Institute of Astronomy


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Ever had a question about astronomy you've want answered? Have a look through the previous questions which we've been asked and if you can't find find your answer, ask us!

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Are there planets where it's always day/always night?

Published on 28/01/2015 

Have any planets been observed to rotate at the rate that would keep only one  side facing their sun continuously? Do planets rotate at some mathematical constant related to their size and length of orbit around their sun?

This is a great question, planets rotating at the same rate as their star would have one side be permanently day and one side be permanently night as you have said. We have indeed found planets outside out solar system that work in this way. This effect is known as tidal locking and already happens with the moon where one side always faces the earth. (There is a small "wobble" with the moon where it does slightly change as it rotates about its own axis but the same side always faces the earth giving us a "dark side of the moon". You can see a great visualisation here : ) In the solar system lots of moons are locked to their host planets.

If we imagine that we have a "host" body which might be a star or planet and an orbiting body around it. The main idea with tidal locking is that one half of the body that is orbiting its host is feeling more gravitational pull than the other causing a "bulge" on one side, facing the host. When the orbiting planet (or moon) is very close to its host this bulge will start to lead or lag the bodies orbit, depending on the system. This additional gravitational pull on one side serves to slow down the day-night rotation of the planet or moon until eventually it synchronises with the orbit around the host.

Only some bodies that are close enough are really susceptible to tidal locking. For it to really work you need to be close enough for the bulge to be able to be pulled off-centre the body orbits.  Tidal locking also takes time to set in. When the planets and moons initially form they have their own rotation which over time decays. The time it takes to become locked depends on a few factors including the mass of the objects and the separation of the objects. This means that very close objects that are much lighter than their hosts lock quicker.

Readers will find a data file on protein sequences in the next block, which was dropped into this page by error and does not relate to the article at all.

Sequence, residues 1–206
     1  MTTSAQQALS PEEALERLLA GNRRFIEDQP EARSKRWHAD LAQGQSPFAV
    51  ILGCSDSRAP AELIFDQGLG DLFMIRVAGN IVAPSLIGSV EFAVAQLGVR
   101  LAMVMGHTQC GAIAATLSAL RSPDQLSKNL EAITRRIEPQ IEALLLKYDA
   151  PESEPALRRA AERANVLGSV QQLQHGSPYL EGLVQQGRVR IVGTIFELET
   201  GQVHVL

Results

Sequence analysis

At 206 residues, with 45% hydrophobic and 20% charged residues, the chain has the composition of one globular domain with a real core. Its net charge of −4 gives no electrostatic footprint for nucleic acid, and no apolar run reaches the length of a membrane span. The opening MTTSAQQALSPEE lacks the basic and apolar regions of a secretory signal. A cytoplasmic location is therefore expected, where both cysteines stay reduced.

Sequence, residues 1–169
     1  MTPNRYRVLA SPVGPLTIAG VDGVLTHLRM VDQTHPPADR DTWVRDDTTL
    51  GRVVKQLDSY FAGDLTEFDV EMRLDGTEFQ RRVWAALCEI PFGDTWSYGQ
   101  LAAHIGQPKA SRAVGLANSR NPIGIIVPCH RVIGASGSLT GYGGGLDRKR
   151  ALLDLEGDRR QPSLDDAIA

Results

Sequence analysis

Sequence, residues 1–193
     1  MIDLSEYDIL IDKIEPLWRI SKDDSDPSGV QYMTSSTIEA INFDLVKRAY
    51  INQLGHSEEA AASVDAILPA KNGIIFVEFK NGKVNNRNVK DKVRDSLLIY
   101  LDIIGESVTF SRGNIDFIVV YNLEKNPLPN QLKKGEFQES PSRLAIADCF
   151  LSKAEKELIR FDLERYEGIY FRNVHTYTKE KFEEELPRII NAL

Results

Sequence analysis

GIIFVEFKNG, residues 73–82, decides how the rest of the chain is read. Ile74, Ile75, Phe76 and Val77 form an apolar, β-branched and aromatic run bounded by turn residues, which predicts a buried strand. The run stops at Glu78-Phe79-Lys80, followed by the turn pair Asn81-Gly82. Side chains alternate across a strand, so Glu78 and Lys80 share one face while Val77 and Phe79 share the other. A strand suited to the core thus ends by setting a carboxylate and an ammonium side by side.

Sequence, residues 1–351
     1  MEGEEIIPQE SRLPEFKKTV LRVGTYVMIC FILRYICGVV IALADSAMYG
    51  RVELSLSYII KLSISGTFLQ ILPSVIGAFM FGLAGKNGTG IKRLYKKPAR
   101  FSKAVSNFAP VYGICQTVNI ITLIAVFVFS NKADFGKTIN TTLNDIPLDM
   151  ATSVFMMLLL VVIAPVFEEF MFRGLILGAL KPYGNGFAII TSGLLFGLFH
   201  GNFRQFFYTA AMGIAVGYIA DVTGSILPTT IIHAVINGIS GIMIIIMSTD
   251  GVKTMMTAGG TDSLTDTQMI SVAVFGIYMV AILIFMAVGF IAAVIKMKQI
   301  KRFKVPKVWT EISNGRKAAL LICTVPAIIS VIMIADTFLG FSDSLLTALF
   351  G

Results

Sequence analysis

All in all tidally locked objects are close to their hosts. We have found some exoplanets that we believe are tidally locked. (For great examples try looking up hot Jupiters like Wasp-43b and HD209458b.)

I hope that answers your question, planets being tidally locked is definitely  possible and we believe we have found very close in planets where, as you've said, it is permanently day on one side and permanently night on the other.

Close approach of C/2013 A1 (Siding Spring) to Mars

Published on 10/04/2014 

I have been thinking about how water was once on the surface of Mars. Today there is no evidence on water on the surface only 'channels' of were water once flowed.

I guess, water is still on mars but under the ground.

Could an asteroid have brought the water up to the surface, then after the asteroid has passed the water sinks back under the subsurface of mars ?

If a massive asteroid passed close by the planet mars, could the gravitational pull of the asteroid  exert a pull on body of mars, that could have an effect on mars molten core centre, exerting heat and pressure upwards, that brings mars water liquid to the surface, then the water on mars sinks under the ground after the effect of the asteroids pull has passed.

I though of this after thinking about how the Earths moon gravitational pull effects the earth by moving water to create tides and the effects on the earths core.  And how the gravitational pull of Jupiter has effected Europa's core, creating heat and pressures at the core to exert the water to the surface.

On Oct. 19, 2014, Comet Siding Spring will pass 138,000 km away from mars.

Do you think this close encounter with Comet Siding Spring would have a gravitational pull that would bring any water up from the subsurface of mars.

There is still water on the surface of Mars, the problem is that it is all frozen rather than liquid.  The polar ice caps of Mars contain substantial amounts of water ice, along with frozen carbon dioxide.  Similarly there is water ice in the subsurface of Mars at high latitudes, much like the Arctic permafrost on Earth.